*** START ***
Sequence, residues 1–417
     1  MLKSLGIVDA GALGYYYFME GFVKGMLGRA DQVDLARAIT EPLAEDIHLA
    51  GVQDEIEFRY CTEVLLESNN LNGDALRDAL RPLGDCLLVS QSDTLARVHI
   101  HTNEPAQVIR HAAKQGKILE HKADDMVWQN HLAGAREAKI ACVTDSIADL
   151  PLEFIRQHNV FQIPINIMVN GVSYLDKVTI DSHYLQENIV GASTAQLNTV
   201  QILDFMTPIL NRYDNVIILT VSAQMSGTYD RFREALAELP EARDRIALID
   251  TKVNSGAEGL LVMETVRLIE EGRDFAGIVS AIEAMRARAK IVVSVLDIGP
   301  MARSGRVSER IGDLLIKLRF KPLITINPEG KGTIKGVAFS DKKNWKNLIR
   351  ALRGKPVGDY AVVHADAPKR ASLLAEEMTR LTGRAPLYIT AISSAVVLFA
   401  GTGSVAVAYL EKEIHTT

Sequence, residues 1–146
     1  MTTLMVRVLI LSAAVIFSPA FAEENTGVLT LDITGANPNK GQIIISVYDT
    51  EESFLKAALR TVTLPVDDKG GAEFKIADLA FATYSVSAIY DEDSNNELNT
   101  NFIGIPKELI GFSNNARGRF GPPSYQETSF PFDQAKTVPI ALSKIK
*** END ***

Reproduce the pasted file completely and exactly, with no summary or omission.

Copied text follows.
Sequence, residues 1–417
     1  MLKSLGIVDA GALGYYYFME GFVKGMLGRA DQVDLARAIT EPLAEDIHLA
    51  GVQDEIEFRY CTEVLLESNN LNGDALRDAL RPLGDCLLVS QSDTLARVHI
   101  HTNEPAQVIR HAAKQGKILE HKADDMVWQN HLAGAREAKI ACVTDSIADL
   151  PLEFIRQHNV FQIPINIMVN GVSYLDKVTI DSHYLQENIV GASTAQLNTV
   201  QILDFMTPIL NRYDNVIILT VSAQMSGTYD RFREALAELP EARDRIALID
   251  TKVNSGAEGL LVMETVRLIE EGRDFAGIVS AIEAMRARAK IVVSVLDIGP
   301  MARSGRVSER IGDLLIKLRF KPLITINPEG KGTIKGVAFS DKKNWKNLIR
   351  ALRGKPVGDY AVVHADAPKR ASLLAEEMTR LTGRAPLYIT AISSAVVLFA
   401  GTGSVAVAYL EKEIHTT

Sequence, residues 1–146
     1  MTTLMVRVLI LSAAVIFSPA FAEENTGVLT LDITGANPNK GQIIISVYDT
    51  EESFLKAALR TVTLPVDDKG GAEFKIADLA FATYSVSAIY DEDSNNELNT
   101  NFIGIPKELI GFSNNARGRF GPPSYQETSF PFDQAKTVPI ALSKIK